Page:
The amount given to a Kohen to redeem the firstborn son is “five shekels by the sanctuary standard, where the shekel is 20 gerah.” In the times of the Second Temple the names of the coins changed. Since a common payment was a half-shekel, donated yearly by each Jew to the Temple for atonement sacrifices, this half-shekel was called a "shekel," and the full shekel was instead called a "selah". That is why our ruling was formulated in terms of "shekel by the sanctuary standard," and not just a "shekel."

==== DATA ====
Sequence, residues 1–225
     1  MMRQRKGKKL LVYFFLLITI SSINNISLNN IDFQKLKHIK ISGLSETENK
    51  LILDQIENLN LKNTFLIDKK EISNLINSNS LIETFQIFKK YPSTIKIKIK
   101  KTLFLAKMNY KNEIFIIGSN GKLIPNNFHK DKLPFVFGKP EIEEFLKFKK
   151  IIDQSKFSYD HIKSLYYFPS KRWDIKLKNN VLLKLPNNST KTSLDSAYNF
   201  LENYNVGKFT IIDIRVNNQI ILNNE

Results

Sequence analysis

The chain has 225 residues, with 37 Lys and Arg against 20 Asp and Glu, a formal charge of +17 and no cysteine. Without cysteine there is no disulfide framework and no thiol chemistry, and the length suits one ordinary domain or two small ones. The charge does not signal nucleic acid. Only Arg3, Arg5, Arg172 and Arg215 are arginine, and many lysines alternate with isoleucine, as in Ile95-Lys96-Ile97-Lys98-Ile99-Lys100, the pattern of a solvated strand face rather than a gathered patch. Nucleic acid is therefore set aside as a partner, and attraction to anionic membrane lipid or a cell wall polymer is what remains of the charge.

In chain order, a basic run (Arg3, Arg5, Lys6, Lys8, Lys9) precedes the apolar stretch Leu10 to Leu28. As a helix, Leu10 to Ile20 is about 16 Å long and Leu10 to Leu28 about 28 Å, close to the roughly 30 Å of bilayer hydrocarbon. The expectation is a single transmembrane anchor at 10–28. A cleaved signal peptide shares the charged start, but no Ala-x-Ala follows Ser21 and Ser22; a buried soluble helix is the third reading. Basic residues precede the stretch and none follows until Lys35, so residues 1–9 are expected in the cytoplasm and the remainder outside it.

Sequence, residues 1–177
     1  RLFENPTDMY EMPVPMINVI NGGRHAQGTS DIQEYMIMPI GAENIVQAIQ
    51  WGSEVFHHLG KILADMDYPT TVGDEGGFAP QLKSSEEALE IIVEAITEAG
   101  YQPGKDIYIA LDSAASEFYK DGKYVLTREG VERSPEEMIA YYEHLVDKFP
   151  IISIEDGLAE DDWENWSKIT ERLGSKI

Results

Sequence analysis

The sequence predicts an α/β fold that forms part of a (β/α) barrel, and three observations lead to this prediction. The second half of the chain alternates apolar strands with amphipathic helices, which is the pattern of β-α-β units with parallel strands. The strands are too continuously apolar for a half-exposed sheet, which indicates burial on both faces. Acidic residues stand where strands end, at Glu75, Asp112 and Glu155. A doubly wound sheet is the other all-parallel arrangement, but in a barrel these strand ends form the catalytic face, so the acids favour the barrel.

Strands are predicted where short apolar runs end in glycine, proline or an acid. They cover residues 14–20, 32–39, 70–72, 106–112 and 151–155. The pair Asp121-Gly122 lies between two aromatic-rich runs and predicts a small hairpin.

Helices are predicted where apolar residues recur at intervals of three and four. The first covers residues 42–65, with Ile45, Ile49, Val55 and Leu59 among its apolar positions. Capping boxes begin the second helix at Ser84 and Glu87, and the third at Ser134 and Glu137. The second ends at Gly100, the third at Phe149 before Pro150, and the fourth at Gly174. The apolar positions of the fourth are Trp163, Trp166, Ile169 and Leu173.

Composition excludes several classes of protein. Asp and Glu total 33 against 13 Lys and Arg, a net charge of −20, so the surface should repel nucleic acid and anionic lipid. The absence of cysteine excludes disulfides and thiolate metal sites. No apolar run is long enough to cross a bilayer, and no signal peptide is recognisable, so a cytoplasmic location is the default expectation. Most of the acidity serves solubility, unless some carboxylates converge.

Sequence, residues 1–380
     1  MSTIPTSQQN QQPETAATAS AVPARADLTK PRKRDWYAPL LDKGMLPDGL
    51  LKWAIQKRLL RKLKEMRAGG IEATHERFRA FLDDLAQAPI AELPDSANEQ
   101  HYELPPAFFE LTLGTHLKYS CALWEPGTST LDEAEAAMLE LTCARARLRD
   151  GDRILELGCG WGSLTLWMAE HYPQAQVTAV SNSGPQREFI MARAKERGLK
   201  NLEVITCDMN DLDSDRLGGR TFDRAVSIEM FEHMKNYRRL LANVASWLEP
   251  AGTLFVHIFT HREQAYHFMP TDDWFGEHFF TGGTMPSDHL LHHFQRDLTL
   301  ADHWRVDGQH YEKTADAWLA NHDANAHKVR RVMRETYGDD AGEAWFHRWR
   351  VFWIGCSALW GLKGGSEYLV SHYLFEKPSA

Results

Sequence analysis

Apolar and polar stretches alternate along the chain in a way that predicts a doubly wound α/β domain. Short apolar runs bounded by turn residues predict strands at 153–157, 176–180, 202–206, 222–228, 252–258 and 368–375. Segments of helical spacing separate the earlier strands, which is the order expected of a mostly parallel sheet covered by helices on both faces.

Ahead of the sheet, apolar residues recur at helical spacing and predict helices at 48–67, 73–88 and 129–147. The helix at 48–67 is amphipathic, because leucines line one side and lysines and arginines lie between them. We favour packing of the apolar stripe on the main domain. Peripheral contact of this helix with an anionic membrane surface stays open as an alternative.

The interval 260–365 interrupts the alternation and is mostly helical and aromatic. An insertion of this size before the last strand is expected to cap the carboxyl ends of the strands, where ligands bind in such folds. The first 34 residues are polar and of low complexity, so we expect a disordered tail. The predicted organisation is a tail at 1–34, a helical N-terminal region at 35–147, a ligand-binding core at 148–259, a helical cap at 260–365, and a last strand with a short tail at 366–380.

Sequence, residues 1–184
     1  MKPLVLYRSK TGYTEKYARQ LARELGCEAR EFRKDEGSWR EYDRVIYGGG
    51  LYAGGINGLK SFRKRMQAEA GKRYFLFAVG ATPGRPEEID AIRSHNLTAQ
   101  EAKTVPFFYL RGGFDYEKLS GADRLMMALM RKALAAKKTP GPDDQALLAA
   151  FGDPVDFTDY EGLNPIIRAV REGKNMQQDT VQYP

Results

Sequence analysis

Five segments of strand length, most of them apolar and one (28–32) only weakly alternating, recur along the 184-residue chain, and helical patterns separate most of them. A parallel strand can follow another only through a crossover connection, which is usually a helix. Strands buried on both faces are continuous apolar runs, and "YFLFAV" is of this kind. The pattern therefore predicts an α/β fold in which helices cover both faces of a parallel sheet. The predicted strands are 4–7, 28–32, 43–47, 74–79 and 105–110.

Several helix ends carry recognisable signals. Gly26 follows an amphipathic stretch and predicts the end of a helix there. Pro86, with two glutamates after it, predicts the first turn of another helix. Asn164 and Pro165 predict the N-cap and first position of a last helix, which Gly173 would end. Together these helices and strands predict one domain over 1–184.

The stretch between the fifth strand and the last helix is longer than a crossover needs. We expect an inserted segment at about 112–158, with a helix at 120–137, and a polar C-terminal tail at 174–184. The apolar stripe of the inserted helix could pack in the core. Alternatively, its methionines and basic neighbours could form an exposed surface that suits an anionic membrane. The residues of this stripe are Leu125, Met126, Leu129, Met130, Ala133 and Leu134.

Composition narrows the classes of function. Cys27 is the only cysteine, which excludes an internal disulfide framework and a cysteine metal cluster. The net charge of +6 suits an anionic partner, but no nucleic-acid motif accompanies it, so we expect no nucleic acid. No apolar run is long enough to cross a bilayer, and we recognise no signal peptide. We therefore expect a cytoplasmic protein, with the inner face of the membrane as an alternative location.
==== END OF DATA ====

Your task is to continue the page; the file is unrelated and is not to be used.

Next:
The same “shekel of the sanctuary standard” was used for other payments prescribed by the Torah: the fifty-shekel payment of the rapist and of the seducer of a virgin young girl, and a one hundred-shekel payment of the defamer of his new bride.
These payments can be made with money or with goods, except for the half-shekel collected yearly for sacrifices. They are paid in Tyrian mintage, which was pure silver and eight times more valuable than the “provincial” coins used, for example, for a two hundred-zuz payment of a Ketubah given in the case of divorce. A sanctuary shekel is .8 oz. silver.
Art: Auguste Charpentier